Now Queen is a travel story, a beautiful one at that, and I wouldn’t dream of taking that away from this movie. But thinking strictly of Rani and her character arc, would it be equally satisfying if, instead of a vacation in Paris, she took a job in South Bombay or Bangalore? I don’t see why not. Only the transformation would be long-winded and perhaps painful and complicated, more like Rachel from Friends. Come to think of it, Rachel’s story starts with her running away from the altar, and over the course of the series she goes from being an unskilled waitress to build a successful career in fashion, becomes a single mother, and is finally free to choose the man in her life without letting him define her place in the world.
Personally, I have known more Rachels than Ranis. These are women who started out with pretty clear and narrow ideas of who they were - whether the upright Momma’s girl or the liberated manic pixie - and each wound up with a life quite unlike what they imagined it would be, living it as better, wiser versions of themselves.
These are stories waiting to be told, but coming back to B Rangan's question - would they make for popular movies? Certainly, if put in the right hands, i.e. hands that are not attached to Madhur B. His approach to storytelling is pretty elegant - put a good little middle class girl in a big bad city, and everything bad that might happen, probably will happen to her or one of her dear friends. While the very worst does happen to an unfortunate few, for most of us life in a big city is not so much a downward spiral of morality and self-worth, as it is an ongoing series of many crests and troughs.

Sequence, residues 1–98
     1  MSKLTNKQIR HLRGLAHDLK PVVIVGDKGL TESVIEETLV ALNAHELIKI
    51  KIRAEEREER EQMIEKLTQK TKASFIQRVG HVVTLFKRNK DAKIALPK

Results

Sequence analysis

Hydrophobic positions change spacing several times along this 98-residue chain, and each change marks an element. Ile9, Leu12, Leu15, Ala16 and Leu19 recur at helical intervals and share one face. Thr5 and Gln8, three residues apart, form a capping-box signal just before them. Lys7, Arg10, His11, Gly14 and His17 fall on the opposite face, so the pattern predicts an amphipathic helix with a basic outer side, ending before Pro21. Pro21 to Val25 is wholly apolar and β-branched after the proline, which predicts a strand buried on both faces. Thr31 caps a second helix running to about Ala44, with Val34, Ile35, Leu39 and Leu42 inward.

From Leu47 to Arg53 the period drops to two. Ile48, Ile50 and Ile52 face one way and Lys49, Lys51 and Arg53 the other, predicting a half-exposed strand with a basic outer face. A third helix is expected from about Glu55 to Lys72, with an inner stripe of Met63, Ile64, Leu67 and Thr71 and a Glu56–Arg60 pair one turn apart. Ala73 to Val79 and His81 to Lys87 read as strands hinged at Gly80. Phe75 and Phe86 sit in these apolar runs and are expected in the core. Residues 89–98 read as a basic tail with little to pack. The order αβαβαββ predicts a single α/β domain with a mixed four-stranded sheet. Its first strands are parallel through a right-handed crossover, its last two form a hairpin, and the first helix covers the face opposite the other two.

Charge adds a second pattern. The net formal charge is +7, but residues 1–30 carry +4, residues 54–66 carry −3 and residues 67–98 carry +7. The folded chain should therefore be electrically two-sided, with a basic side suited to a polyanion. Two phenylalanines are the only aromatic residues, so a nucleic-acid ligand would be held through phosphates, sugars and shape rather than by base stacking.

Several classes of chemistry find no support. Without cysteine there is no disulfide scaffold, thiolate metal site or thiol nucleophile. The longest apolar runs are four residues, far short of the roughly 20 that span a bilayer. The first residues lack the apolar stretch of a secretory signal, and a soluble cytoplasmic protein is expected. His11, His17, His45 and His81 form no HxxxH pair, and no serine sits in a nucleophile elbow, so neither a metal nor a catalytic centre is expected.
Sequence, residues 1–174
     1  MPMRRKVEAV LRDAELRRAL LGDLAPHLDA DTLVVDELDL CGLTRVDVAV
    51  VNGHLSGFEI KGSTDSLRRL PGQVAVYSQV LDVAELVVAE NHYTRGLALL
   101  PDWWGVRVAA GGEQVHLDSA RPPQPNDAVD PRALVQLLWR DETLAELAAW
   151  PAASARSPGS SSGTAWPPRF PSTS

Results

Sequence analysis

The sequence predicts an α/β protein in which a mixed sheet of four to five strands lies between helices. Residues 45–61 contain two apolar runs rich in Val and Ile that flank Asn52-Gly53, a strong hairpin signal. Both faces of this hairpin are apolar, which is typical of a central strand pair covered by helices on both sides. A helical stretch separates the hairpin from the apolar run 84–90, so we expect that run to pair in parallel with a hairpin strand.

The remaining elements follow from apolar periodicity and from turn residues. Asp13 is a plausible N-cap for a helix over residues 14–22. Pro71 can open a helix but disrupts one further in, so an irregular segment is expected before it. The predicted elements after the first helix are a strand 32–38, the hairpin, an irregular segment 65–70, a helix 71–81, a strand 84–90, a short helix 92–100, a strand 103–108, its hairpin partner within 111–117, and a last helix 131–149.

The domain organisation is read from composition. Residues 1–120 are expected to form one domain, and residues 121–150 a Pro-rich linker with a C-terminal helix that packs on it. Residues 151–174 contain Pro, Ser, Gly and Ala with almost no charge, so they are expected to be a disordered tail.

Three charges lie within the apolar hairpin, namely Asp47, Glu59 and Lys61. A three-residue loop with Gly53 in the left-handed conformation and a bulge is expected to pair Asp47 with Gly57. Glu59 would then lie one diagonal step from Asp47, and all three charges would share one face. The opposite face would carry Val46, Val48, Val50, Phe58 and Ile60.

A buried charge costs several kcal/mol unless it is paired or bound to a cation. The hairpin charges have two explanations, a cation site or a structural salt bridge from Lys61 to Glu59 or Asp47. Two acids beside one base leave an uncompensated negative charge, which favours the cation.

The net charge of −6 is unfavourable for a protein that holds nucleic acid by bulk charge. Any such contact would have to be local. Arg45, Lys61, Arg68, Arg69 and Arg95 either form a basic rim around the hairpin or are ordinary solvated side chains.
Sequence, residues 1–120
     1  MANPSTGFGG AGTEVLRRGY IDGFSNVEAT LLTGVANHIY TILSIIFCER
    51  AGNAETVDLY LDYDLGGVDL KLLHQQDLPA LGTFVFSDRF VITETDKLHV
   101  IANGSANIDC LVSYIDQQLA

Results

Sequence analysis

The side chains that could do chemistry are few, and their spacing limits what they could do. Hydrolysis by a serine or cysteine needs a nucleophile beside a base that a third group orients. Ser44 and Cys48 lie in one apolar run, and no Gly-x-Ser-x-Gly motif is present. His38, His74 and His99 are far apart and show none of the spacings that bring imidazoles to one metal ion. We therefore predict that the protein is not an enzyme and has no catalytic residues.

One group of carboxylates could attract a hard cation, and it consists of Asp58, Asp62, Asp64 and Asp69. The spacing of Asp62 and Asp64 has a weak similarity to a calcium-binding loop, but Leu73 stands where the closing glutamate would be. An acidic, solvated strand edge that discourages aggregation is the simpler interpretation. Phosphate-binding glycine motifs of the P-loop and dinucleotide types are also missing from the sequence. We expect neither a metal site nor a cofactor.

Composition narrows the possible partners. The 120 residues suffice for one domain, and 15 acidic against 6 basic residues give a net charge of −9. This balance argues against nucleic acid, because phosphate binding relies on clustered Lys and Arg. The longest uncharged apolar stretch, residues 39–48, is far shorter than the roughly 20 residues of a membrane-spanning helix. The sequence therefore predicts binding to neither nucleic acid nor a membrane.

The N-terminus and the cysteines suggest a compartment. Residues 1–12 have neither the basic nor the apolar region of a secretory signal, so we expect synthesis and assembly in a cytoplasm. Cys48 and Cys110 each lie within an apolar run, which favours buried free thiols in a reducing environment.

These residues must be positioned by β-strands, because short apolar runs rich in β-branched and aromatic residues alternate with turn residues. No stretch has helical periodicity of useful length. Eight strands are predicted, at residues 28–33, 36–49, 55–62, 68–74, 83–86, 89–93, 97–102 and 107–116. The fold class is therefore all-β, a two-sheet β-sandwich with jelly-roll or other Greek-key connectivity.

Epiphany doesn’t usually come in neat little packages of one breakup, one vacation, one badass friend, one cute Italian and one transformation. The girl who gives up on career for the guy of her dreams doesn't necessarily get the strongest marriage. The guy who broke your heart doesn’t conveniently come grovelling back to make you realize just how much you have changed. There may be more than one heartbreak, more than one night of drunk-dialling, more than one wrong turn and many little lessons along the way.